Just like playing the slot machines at the casino, you put in quarters — either with regular payments or by paying for the whole contract at the beginning of the warranty — and you hope the bells suddenly go off and a huge pile of quarters lands in your lap. Unfortunately, in the back of our minds, we all know that when it comes to casinos, “the house” always wins. And who owns the biggest and fanciest office buildings in most major cities? The insurance companies!
So, while we consumers are betting that something bad will happen when we buy insurance or a warranty, the insurance and warranty companies are successfully betting that it won’t.
Our RV warranty Personal Case History
RV extended warranties provide the most value for folks that have a rig that is two or more years old. Our fifth wheel trailer that we live in full-time is a 2007 model, and its aging equipment could be very costly to repair. The hot water heater, RV refrigerator and air conditioning systems are all more and more prone to failure as the days pass. Sometimes older rigs like our develop cracks in the frame or the big slide-outs fail (we have three slides). We’ve heard heard horror stories from fellow RVers of broken trailer axles and unexpected $1,700 refrigerator replacements. We realized that an RV warranty could make a lot of sense for us.
We decided to work with Wholesale Warranties, an RV extended warranty broker. We gave them the details about our rig, and they got quotes from the warranty companies they work with and chose the one that was best suited to our situation. We signed a contract with Portfolio Protection for a $1,904 four year Exclusionary RV Extended Warranty with a $100 deductible.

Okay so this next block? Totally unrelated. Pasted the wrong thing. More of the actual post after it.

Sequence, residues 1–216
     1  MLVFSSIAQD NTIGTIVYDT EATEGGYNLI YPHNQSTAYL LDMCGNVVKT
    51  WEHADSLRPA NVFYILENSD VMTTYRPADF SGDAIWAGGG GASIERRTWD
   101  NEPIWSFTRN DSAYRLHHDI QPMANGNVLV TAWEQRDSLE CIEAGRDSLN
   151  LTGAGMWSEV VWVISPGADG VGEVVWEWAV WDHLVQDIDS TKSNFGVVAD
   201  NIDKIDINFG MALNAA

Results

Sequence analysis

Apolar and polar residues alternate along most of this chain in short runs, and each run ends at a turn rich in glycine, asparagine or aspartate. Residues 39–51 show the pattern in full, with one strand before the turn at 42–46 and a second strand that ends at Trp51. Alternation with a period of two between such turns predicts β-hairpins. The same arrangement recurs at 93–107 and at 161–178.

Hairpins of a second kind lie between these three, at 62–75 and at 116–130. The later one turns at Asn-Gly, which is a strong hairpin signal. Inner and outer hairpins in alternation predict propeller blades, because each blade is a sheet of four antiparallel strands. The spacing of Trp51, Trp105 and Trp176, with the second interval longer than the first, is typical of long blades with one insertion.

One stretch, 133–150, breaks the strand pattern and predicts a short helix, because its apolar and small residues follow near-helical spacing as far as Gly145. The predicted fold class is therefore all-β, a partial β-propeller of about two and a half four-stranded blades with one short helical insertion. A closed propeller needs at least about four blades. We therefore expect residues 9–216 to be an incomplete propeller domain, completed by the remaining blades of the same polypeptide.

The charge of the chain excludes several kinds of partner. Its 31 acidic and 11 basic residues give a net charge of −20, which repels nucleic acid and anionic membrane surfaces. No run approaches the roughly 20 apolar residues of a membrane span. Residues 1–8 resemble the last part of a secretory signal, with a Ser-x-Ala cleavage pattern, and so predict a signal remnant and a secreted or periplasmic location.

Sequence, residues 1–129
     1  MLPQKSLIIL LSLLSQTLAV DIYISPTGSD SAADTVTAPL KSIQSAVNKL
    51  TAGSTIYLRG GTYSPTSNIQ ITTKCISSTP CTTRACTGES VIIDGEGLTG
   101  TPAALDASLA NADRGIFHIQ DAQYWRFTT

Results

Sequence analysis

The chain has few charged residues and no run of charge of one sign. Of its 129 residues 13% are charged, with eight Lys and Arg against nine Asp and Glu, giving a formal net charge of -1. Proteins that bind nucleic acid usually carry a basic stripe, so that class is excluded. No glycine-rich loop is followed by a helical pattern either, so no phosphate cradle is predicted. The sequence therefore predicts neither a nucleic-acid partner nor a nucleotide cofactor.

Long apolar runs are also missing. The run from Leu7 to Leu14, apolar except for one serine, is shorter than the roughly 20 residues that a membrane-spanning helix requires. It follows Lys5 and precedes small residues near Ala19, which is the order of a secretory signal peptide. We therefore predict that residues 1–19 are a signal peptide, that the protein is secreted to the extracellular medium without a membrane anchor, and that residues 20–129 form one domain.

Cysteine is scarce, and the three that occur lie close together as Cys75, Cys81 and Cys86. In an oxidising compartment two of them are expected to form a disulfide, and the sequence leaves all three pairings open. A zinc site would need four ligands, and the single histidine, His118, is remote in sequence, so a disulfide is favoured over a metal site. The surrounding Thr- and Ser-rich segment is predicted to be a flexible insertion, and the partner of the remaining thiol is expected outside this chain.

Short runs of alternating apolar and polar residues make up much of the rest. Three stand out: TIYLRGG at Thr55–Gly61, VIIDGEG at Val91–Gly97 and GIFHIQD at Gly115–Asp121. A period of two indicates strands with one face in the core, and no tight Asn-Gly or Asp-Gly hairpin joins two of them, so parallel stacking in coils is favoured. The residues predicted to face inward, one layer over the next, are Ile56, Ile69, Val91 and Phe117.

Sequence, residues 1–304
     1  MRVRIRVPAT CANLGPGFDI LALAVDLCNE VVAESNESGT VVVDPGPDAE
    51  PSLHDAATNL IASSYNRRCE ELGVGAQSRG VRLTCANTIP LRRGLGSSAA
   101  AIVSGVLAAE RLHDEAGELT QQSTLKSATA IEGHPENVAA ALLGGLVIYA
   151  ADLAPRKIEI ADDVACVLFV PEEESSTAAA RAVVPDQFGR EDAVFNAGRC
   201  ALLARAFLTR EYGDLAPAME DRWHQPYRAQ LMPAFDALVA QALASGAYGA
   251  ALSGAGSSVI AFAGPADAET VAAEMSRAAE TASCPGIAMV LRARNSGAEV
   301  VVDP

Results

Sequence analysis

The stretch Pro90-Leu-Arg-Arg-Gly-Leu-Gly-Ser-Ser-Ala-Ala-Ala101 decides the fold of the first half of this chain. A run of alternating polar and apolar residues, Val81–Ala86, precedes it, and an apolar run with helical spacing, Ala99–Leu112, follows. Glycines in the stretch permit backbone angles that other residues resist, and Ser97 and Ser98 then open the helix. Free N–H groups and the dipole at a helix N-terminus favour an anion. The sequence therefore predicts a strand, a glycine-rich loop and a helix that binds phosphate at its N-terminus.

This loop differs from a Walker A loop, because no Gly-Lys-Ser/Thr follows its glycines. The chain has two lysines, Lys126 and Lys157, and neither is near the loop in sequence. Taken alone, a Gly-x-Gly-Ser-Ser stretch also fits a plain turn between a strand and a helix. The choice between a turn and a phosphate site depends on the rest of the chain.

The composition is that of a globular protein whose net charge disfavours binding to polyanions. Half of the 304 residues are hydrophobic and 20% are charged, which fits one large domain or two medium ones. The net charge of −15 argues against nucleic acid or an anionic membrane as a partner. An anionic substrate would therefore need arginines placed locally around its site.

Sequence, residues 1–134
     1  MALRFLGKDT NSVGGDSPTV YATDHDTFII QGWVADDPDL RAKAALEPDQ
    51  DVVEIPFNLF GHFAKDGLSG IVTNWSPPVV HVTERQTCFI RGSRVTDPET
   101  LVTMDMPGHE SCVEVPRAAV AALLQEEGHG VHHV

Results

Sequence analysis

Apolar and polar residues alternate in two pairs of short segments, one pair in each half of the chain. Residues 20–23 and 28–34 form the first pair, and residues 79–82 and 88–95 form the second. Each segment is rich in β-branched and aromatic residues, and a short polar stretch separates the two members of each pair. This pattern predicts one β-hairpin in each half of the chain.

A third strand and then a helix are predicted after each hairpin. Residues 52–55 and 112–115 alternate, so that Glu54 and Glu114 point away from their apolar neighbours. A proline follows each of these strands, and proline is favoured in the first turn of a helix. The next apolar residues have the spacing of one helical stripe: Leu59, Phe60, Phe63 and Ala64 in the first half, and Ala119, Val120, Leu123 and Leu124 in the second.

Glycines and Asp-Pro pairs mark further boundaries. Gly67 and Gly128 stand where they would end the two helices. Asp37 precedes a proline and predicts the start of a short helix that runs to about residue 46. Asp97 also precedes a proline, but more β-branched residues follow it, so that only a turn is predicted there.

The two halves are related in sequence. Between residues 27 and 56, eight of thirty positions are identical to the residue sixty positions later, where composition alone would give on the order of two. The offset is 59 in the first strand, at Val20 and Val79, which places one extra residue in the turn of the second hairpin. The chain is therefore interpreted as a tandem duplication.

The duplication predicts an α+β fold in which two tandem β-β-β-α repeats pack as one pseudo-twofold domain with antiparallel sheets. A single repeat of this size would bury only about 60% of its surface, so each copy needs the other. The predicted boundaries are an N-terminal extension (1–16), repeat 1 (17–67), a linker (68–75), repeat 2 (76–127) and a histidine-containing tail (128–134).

Some warranty companies are fly-by-night operations that might go out of business before the contract period ends, and others have top ratings with the Better Business Bureau and are backed by A-rated insurance companies that will step in and take over if the warranty company fails.
Wholesale Warranties makes it their business to sort out which companies are the best ones and to establish relationships with them. Wholesale Warranties has been growing by leaps and bounds and was named one of Inc 5000’s Fastest Growing Companies in 2014, and one of San Diego’s fastest growing companies in 2015. More important, they have made many clients very happy.
What is unusual about Wholesale Warranties is that they don’t simply sell a contract and walk away. They are there for their clients to help smooth the process, if necessary, when a claim is filed. In fact, they are willing to pay for a client’s claim themselves, if they believe it was wrongly denied, and then fight with the warranty company behind the scenes after the fact.